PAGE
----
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Media ownership raises concerns

Big business made some consequential shopping decisions over 2014. Press freedom advocates and political ethics watchdogs expressed serious concern over the growing trend of large domestic media ownership.

Big business made some consequential shopping decisions over 2014. Press freedom advocates and political ethics watchdogs expressed serious concern over the growing trend of large domestic media ownership.

On September 3, the financial group Penta announced it acquired the Trend Holding and Spoločnosť 7 Plus via cooperation with Dutch investment firm V-3 Media Holding, which officially bought both publishing houses. The financial group stated that it wants to offer the publishing houses financial stability, broad know-how and expertise over managing difficult restructuring processes.

Shortly after this Penta made steps to acquire 50 percent of the shares in the major publishing house, Petit Press, which partially owns The Slovak Spectator, and is the publisher of the flagship daily newspaper Sme. This resulted in the resignation of Sme Editor-in-Chief Matúš Kostolný and his deputy editors as well as large part of the editorial office of Sme. Kostolný and others announced the launch of a new website called Projekt N.

Ultimately Penta which is buying into Petit Press through the company Namav has agreed to withdraw to a 45-percent minority share and thus leave the controlling 55-percent package to the Prvá Slovenská Investičná Skupina (PSIS), the original founder of the publishing house. Petit Press CEO Alexej Fulmek insists that Penta will have no influence over editorial content in the publishing house.

Penta, which has became the second biggest media owner in Slovakia during this year, stated that it is also considering buying into the Polish and Czech media markets. For example, Penta is reportedly interested in buying Czech publishing house Vltava-Labe Press which publishes several regional dailies, according to the Czech daily Mladá Fronta Dnes. Both sides have refused to comment, the Hospodárske Noviny daily reported.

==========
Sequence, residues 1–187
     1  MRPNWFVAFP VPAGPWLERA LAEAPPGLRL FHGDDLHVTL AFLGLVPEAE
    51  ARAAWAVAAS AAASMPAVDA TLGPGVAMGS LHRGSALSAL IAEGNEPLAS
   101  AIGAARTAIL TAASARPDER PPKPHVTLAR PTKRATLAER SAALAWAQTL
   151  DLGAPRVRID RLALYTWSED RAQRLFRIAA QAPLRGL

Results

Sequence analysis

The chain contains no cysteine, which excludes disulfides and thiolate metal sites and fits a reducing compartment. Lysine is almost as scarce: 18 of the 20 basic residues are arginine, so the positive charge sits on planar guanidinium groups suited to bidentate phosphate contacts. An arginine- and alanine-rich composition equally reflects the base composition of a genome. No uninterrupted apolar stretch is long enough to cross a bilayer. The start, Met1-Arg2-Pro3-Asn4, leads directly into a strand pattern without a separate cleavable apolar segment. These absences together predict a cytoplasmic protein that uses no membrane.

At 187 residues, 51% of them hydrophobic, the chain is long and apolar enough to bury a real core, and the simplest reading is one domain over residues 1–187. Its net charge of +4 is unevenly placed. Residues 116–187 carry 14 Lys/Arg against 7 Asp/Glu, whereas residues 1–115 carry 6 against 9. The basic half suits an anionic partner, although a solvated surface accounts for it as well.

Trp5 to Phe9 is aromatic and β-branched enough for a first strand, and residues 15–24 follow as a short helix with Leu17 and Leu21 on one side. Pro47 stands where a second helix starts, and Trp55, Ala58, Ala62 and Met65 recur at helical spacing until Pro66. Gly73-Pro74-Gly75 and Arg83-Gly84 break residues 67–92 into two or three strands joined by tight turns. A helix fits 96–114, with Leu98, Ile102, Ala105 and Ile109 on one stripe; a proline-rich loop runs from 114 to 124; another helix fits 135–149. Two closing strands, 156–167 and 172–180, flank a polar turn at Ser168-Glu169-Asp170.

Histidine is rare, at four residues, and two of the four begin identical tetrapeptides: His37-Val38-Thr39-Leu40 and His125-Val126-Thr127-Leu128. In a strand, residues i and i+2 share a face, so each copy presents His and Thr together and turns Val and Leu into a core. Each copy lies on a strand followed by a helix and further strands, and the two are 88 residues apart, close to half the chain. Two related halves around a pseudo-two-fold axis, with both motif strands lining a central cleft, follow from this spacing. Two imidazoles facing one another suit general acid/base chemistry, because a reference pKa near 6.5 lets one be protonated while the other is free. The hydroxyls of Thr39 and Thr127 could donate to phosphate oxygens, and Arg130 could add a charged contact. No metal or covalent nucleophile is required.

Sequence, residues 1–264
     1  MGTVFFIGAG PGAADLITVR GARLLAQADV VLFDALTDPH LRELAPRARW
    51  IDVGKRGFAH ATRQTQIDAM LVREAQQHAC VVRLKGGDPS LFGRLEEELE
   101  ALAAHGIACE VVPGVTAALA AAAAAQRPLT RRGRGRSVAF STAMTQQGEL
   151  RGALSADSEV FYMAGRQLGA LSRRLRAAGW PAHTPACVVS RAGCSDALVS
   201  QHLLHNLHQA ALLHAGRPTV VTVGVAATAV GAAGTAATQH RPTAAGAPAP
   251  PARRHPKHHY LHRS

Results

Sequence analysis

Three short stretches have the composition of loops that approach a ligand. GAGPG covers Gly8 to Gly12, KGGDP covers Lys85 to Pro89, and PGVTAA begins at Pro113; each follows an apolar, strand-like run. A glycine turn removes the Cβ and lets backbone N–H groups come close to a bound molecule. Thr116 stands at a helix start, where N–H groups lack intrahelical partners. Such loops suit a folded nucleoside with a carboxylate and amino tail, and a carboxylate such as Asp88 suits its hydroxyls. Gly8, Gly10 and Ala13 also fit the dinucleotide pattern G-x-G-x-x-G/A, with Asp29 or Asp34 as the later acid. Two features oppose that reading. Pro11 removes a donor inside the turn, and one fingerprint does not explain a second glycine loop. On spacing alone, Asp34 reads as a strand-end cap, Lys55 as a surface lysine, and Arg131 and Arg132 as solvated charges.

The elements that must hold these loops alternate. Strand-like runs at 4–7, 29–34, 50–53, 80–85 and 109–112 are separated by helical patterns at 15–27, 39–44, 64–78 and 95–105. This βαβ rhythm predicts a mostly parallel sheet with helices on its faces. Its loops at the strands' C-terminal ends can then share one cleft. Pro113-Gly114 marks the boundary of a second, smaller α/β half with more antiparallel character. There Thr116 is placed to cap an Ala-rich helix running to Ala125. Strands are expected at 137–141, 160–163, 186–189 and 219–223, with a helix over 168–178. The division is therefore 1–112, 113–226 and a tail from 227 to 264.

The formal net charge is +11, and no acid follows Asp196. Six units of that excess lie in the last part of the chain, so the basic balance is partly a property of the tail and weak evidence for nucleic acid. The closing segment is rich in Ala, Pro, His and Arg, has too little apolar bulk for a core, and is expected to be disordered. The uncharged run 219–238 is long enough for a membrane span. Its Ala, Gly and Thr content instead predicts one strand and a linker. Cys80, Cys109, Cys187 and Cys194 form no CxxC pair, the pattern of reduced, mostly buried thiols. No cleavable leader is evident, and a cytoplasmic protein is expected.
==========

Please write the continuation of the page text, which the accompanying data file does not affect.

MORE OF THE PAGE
After Penta announced it was buying shares in Petit Press, media and market watchers pointed at the Týždeň weekly as one of the last islands of independent journalism. That image, however, suffered a blow after Penta’s spokesman Martin Danko said Penta and one of its partners, Jaroslav Haščák, have been funding Týždeň for about four years now, because they consider it a high-quality medium.

Týždeň Editor-in-Chief Štefan Hríb, in his reaction to Penta’s statements, admitted they received the money, but kept stressing that Penta has never owned any shares in W Press, the publishing house of the weekly, and never will.

Meanwhile, internet portal Stratégie of Hospodárske Noviny broke the news on October 20 that J&T or some of its partners were going to buy Ringier Axel Springer (RAS) Slovakia publishing house, Slovakia’s biggest publisher, and a division of the massive German and Swiss firm. Among their stable of properties is the country’s biggest tabloid daily, Nový Čas. Both sides, however, have denied what they called a rumour.

Unlike Penta, who only entered the media market recently, J&T has been present before, mainly as the owner of the TV JOJ channel. That could pose a problem if J&T purchased a publishing house, because Slovak laws prohibit such cross-ownership on the media market.

Ecopress, the publishing house of Hospodárske Noviny, which is itself owned by Agrofert, a group led by the Slovak-born billionaire and current Czech Finance Minister Andrej Babiš, announced that it will change its name to Mafra Slovakia as of January 1, 2015. Its aim is to be closer to Czech media group Mafra – also owned by Babiš – according to Ecopress press release.

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